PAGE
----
“We’re trying to keep everything as historically Austin as possible,” Reed explains. “We think Mr. Driskill would have been proud—his hotel is still a sight to behold in a city that continues to draw a dynamic crowd.”

Hit the Trail

Austin’s historical cowboy legacy is tied hard and fast to the cattle-driving routes that led to the Chisholm Trail. Cowboys moved millions of cattle from South Texas—including herds from the iconic King Ranch—northward through Austin to Kansas’s railheads.

According to Texas Historical Commission historians, the Austin-area’s affiliation with the cowboy era is especially intriguing to heritage travelers.

“The cattle drives had a significant economic and cultural impact on the region. Today, the legacy can be seen around Central Texas in both obvious and subtle ways,” says Bob Brinkman, coordinator of the agency’s Historical Markers Program. “From historic crossings such as the namesake limestone formation in nearby Round Rock, to stately homes and early skyscrapers built with cattle kingdom fortunes, to modern business names, school mascots, and barbecue joints, the era of the cattle drives continues to resonate with modern-day Texans.”

Austin’s cattle drives traversed the Colorado River at low-water crossings adjacent to the city, and their legacy is immortalized on the grand State Capitol grounds.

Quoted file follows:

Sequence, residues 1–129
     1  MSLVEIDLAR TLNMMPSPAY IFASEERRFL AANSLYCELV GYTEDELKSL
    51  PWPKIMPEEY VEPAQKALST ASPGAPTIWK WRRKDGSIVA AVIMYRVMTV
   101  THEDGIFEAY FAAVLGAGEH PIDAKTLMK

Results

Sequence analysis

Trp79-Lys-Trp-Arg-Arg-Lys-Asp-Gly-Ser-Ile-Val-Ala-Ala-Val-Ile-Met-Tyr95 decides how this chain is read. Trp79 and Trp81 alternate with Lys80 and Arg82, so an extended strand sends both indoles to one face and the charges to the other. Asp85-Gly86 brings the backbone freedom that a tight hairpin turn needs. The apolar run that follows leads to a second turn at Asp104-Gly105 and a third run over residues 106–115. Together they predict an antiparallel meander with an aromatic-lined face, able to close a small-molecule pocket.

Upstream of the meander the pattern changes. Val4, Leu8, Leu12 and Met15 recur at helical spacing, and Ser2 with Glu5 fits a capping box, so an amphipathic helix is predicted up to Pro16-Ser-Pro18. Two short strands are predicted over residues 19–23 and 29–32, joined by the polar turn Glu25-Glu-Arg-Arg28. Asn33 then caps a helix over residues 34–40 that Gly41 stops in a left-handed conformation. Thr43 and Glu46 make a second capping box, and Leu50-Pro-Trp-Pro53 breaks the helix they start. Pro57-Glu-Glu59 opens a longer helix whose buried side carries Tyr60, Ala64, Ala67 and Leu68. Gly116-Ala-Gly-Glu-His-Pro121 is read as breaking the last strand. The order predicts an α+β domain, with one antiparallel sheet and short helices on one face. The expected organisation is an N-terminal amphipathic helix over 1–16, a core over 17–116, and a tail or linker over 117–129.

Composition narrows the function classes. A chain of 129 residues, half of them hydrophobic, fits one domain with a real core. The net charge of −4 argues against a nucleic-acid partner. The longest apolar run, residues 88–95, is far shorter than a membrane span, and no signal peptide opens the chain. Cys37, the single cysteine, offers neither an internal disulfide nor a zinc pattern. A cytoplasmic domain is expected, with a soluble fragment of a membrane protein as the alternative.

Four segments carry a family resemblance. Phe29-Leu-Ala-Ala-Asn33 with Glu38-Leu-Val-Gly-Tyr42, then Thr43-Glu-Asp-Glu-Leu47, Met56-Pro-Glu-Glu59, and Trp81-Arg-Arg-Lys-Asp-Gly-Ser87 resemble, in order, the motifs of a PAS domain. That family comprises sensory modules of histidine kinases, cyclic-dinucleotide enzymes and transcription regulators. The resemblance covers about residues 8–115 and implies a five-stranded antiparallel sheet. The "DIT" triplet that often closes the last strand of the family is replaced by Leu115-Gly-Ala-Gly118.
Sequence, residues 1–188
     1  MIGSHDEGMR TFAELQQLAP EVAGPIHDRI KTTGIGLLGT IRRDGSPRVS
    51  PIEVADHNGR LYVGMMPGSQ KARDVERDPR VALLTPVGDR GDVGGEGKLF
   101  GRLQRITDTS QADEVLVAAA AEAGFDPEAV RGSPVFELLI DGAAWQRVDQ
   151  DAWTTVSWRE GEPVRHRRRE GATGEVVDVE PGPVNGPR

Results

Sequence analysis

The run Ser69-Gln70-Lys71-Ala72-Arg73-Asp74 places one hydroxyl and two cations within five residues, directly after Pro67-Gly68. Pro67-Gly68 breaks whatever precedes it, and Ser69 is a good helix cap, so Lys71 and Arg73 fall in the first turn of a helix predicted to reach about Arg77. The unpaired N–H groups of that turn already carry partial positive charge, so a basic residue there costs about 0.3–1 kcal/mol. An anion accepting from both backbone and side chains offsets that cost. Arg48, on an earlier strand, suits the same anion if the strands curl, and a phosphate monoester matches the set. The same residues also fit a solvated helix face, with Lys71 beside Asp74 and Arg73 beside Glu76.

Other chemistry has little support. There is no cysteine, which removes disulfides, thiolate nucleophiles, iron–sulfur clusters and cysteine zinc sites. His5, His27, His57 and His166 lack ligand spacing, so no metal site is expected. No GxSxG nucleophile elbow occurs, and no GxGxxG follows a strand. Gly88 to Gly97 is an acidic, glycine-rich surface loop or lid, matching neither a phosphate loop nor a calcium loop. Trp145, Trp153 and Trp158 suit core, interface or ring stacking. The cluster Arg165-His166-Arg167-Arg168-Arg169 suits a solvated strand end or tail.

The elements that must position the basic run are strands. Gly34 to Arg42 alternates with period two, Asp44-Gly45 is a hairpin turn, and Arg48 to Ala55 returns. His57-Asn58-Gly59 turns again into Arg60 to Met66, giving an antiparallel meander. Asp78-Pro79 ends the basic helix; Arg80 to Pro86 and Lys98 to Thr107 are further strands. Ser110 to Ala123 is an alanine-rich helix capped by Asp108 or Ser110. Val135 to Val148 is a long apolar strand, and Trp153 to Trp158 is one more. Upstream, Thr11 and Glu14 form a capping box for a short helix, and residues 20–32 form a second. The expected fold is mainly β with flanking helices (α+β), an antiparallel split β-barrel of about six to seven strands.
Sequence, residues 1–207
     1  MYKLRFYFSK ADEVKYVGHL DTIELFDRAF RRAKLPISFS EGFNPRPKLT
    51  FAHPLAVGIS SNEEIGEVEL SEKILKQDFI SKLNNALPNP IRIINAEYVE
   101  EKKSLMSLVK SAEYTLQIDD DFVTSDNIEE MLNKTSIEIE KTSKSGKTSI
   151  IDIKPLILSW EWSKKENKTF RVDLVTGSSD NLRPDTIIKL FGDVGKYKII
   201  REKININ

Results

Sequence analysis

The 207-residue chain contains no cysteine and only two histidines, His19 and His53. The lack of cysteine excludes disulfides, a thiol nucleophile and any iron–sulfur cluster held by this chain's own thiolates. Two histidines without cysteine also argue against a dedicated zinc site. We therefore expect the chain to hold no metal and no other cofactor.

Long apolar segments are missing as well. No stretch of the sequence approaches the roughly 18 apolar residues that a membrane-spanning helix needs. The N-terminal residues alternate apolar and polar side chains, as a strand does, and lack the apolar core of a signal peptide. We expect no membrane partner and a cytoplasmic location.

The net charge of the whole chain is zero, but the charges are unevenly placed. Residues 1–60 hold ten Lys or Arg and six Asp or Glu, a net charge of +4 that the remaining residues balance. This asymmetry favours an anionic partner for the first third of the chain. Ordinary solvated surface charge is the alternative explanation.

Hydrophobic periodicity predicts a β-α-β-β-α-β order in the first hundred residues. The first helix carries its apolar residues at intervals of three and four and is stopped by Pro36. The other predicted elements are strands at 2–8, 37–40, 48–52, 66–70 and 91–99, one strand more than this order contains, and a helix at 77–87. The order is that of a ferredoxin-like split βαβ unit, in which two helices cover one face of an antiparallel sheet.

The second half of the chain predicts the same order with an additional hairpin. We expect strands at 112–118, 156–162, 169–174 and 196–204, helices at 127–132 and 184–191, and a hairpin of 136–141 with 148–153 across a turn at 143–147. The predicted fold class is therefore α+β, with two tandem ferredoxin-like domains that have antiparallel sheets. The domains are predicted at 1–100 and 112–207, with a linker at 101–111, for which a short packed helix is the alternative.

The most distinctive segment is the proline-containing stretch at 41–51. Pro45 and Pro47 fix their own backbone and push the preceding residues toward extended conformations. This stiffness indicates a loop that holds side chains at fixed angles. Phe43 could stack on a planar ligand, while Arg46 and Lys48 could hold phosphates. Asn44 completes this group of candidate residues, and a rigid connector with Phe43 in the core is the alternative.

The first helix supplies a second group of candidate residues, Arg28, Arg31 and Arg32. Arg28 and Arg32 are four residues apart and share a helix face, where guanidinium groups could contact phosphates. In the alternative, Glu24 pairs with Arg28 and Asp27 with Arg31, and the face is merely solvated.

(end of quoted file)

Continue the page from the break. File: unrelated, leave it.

One of the most striking and oft-photographed statues on the Capitol’s south lawn is “Texas Cowboy.” The powerful bronze piece, which dates to 1925, was designed by noted American sculptress Constance Whitney Warren, one of the first women to produce large-scale works of this type. The statue represents Warren’s vision of a typical Texas cowboy riding a rearing horse, and serves as a tribute to the “rough and romantic riders of the range.”

A 1925 article in the Austin American Statesman chronicled the statue’s unveiling, noting that several thousand people in attendance cheered repeatedly as speakers praised Texas cowboys and their valiant cattle drives northward through the city. Then-Gov. Pat Neff said, “Over the very spot where this statue now stands, the old Chisholm trail—perhaps the most famous cow trail in the state—led to the North. It is fitting that this statue should stand in the capitol grounds of the cowboy’s state…and see through it the daring, the dash and the bravery of the Texas cowboy, knight of the saddle and king of the prairies for so many years.”